Some Thoughts on Studio Practice | Daniel Gillberg | Episode 292

Daniel Gillberg | Episode 292

Daniel Gillberg is a Swedish maker situated in the Oslo area in Norway. By making playful functional pots for every day use, he seeks to promote the values and the use of hand made. His work mainly involve dark firing earthenware and slip, decorated with various decals, paper resists and luster.



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You do your pottery on top of a fulltime job. Where do you get that inspiration to keep doing your pottery even after a long day at work?

I think I snatch it up during the day while I’m out and about hearing people, watching people… I just keep finding it around me without even knowing it. I’ll scraffito a pattern and then a few weeks later it’ll find a shirt with a similar pattern. I had somehow picked it up without somehow even thinking about it. I think that it is a constant flow that goes on. I just keep looking at things I suppose… lots of looking and listening.

Why pottery?

For me I think it is about the process- trying out things, altering, changing things… Sometimes it takes many cups to come up with a good shape. I think that process is very rewarding to me. I make one cup and then I think I should make it a bit more narrow but then it should be a bit more rounded at the bottom: it should sort of lift from the table. And then I do the next one and the next one… I think that process of ending up with something, more or less, feeling whole and complete is very fulfilling. So it’s that process of making again and again and again is very rewarding.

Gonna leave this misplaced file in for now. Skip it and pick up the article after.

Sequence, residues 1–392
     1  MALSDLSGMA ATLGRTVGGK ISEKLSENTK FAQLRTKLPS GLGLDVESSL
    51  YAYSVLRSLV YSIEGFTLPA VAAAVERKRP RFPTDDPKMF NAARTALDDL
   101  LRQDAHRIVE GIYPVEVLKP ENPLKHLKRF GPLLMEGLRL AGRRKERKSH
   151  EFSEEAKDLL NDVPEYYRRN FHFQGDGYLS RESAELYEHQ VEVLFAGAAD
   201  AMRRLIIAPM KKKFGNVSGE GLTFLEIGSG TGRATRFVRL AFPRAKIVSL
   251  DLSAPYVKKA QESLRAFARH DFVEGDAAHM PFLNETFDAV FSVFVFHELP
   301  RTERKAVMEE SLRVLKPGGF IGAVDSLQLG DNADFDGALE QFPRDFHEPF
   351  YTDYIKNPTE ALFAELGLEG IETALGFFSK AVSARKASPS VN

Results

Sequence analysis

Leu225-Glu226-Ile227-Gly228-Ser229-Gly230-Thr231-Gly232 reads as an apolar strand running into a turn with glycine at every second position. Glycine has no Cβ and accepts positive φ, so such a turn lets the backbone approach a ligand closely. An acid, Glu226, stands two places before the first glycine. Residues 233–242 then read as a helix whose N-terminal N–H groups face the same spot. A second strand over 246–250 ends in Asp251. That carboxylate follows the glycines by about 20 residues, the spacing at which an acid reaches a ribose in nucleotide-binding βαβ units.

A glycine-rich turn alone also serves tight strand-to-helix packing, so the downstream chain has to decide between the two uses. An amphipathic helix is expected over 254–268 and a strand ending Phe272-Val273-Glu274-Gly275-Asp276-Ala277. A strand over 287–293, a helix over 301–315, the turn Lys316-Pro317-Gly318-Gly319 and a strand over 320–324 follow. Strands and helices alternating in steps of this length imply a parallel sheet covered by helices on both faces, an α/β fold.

What’s a typical studio day like for you?

Well… I wake up, I grab my biggest cup of coffee, and, because I don’t have any water in the studio, I bring in twenty liter bucket of water, turn on the radio, and then I start making. Then I’ll be throwing on the wheel until lunch or sometimes a full day, then it’ll be turning and trimming… It is just the cycle that I do.

What is a studio tool that you just can’t live without?

That would be my wooden rib. It is so good because it floats on the dirty water so you can always find it. It has soft edges that I really like to cut into the clay and you can make nice soft spirals and patterns. But you can also cut things off to lift the bottom. It is a good one; multi-purpose, floating device that can be used for many things.

What role does the artist have in society today?

I think that the artist has a very important role, actually. A crucial role. Speaking for themselves or other groups or for specific phenomena because most artists are quite reflectant. I think it is a very important voice that can be used as a compass in a way.

How has social media made the world smaller for you?

I now know other potters both all over Europe, in the other Scandinavian countries that I just didn’t know before. One lives just one hour drive from here across the Swedish border. I know potters in Australia and the States and it’s just this one big community. I don’t really feel that there is any distance. Like when I go on Periscope and people show up and you discuss things and it’s just like they are in the next room. It is really just amazing- networks and connections and community, really.

If you could add a magical power to your work with clay, what magical power would you add?

Well… Maybe super speed. Not rewind but the opposite like fast forward. So when you have an idea the zzvamm! and there it is. and then make another one. and another one. and another one.


A Life at Work by Thomas Moore


Instagram: @d.gillberg

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